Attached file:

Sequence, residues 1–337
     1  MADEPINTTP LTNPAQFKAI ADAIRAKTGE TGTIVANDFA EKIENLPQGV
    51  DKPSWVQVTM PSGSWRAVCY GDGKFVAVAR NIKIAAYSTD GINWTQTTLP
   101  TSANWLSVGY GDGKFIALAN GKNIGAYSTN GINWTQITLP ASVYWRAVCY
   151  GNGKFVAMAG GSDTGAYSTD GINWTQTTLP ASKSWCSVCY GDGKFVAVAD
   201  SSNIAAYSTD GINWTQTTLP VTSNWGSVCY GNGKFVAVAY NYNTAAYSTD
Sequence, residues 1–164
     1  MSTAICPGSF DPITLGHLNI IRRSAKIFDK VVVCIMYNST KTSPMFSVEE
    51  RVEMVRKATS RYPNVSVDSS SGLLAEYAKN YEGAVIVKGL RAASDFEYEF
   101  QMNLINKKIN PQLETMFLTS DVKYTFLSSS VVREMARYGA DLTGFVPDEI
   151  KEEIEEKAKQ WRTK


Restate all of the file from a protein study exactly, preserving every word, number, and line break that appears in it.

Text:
Sequence, residues 1–337
     1  MADEPINTTP LTNPAQFKAI ADAIRAKTGE TGTIVANDFA EKIENLPQGV
    51  DKPSWVQVTM PSGSWRAVCY GDGKFVAVAR NIKIAAYSTD GINWTQTTLP
   101  TSANWLSVGY GDGKFIALAN GKNIGAYSTN GINWTQITLP ASVYWRAVCY
   151  GNGKFVAMAG GSDTGAYSTD GINWTQTTLP ASKSWCSVCY GDGKFVAVAD
   201  SSNIAAYSTD GINWTQTTLP VTSNWGSVCY GNGKFVAVAY NYNTAAYSTD
Sequence, residues 1–164
     1  MSTAICPGSF DPITLGHLNI IRRSAKIFDK VVVCIMYNST KTSPMFSVEE
    51  RVEMVRKATS RYPNVSVDSS SGLLAEYAKN YEGAVIVKGL RAASDFEYEF
   101  QMNLINKKIN PQLETMFLTS DVKYTFLSSS VVREMARYGA DLTGFVPDEI
   151  KEEIEEKAKQ WRTK